According to the third quarter's delinquency data released by the American Bankers Association (ABA) earlier this week, card delinquencies fell to 2.75% in Q3 2012, the lowest level since 1994. The report also captures an improvement in delinquency figures for other consumer loans for the quarter, including personal loans and non-card revolving loans. The trend clearly shows a conscious decision by people to cut down on discretionary spending and to clean up their credit record in view of the sluggish economic environment. But while reducing delinquency levels mean lower charge-offs that are good for banks, they also mean lower interest incomes for banks from open-ended loans. This will likely reflect through a decline in revenue figures for the country's biggest card lenders like JPMorgan Chase ( JPM ), Citigroup ( C ), Capital One ( COF ) and Bank of America-Merrill Lynch ( BAC ), over subsequent quarters.
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For The Full Spectrum Of Loans, The Figures Are Mixed
As part of its quarterly Consumer Credit Delinquency Bulletin, ABA reports the delinquency figures for eight closed-ended loan categories and three open-ended loan categories. While closed-ended loans are those which have a fixed repayment period (like car loans or home loans), open-ended loans (like card loans) don't have such a restriction. In either case, a loan is termed delinquent if the customer does not make any payment towards it in 30 days.
Personal Loan (↓)
Direct Auto Loan (↑)
Indirect Auto Loan (↓)
Mobile Home Loan (↑)
RV Loan (↑)
Marine Loan (↑)
Property Improvement Loan (↓)
Home Equity Loan (↑)
Bank Card Loan (↓)
Home Equity Lines of Credit (↑)
Non-card Revolving Loan (↓)
The table above summarizes the delinquency figures for Q3 2012, and provides Q2 2012 numbers for comparison, with the arrow next to the type of loan representing a rise or fall in delinquency rates. As we mentioned earlier, loans linked to discretionary spending (cards / personal / property improvement) have shown a decline in delinquencies, hinting at a more cautious approach by customers. It must be noted here that most home loan delinquencies for Q3 2012 are still rising despite an improvement in home prices for the period, as the delinquency numbers will take a few quarters to catch up.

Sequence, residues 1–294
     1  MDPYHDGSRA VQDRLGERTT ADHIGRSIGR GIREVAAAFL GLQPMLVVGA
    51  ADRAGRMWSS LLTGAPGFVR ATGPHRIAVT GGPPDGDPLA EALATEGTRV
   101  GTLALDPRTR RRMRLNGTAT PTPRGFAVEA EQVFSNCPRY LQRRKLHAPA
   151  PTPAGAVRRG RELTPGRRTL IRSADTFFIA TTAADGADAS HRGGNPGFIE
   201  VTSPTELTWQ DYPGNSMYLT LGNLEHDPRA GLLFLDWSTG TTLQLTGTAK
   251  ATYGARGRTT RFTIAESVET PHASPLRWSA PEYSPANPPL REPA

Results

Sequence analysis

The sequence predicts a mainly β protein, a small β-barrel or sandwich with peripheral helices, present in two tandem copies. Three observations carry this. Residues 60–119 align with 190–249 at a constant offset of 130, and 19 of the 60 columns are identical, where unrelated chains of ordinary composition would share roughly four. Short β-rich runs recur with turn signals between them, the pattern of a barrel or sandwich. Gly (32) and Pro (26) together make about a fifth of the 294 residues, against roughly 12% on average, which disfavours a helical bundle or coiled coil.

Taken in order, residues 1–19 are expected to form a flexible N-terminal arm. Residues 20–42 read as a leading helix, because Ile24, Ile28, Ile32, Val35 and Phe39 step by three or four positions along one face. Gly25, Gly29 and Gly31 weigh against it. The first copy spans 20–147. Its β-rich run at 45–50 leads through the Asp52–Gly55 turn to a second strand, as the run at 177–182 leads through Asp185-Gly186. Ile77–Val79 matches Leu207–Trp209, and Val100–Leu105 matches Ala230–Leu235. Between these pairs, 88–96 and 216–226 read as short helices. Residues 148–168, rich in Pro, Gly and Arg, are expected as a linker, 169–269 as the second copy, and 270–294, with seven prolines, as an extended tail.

But When It Comes To Cards, The Impact Will Be Quite Noticeable
The country's biggest card lenders have been jostling with the issue of card loan defaults since the economic downturn of 2008, something evident from the chart above which shows Citi's credit card provisions as a percentage of outstanding card loans. As loan provisions and charge-offs go hand-in-hand, the chart reflects the magnitude of write downs the country's largest bank and credit card issuer has had to undertake over the years. A lower delinquency rate bodes well on this aspect of the bank's credit card business as it means that the bank will have to set aside less cash as provisions with customers repaying loans in a timely manner.
But there is a downside too. As customers repay their loans and curtail their spending activities, there will be a noticeable reduction in the growth of credit card loans for the bank. We currently forecast that the size of Citi's outstanding credit card loans will grow by roughly 3% each year over our forecast period.
You can better understand how the bank's share prices will be impacted if the growth rate is lower than this by making changes to the chart below.